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Jewellery is probably more prevalent in today than it ever has been. Mass production – and advances in material technologies – have made jewellery easily accessible and, coupled with the “throw away” culture of the West, cheap costume jewellery can be updated and discarded with each new fashion season. Most modern commercial jewellery continues traditional forms and styles, but designers such as Georg Jensen have widened the concept of wearable art. The advent of new materials, such as plastics, precious metal clay, and colouring techniques, has led to increased variety in styles. The idea of “jewellery as art” was propagated by figures such as Robert Lee Morris and Gill Forsbrook, and many contemporary art colleges now offer courses in artistic jewellery making.

Necklaces

Antique necklace jewellery, from the Georgian period to modern day. Free worldwide delivery.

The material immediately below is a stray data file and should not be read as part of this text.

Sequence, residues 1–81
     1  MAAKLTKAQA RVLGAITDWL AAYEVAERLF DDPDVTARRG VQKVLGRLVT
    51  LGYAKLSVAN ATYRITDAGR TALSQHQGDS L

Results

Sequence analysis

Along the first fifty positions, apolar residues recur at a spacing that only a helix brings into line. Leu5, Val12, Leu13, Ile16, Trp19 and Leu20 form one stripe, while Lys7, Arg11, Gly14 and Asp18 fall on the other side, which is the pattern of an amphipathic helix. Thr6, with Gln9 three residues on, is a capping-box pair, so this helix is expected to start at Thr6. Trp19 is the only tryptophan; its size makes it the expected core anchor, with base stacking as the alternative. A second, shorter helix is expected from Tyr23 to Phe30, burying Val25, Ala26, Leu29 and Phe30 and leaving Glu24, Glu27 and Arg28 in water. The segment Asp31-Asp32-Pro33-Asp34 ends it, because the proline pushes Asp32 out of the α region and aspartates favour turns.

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New Acquisitions

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Objects

Antique jewellery items from the Georgian era to modern day. A great gift for him or her. Free worldwide delivery.

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Pendants

Antique pendant jewellery in gold and silver. From Georgian times to modern day. Free worldwide delivery.

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Pre-Georgian

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Jewellery is nothing new. For as long as we know, people have worn precious gemstones, metals, and other sentimental items around their arms, necks, and legs; on their ears, tongues, and noses. Occasionally we are lucky enough to come across very old and ancient pieces of jewellery, which have often rested underground for hundreds of years.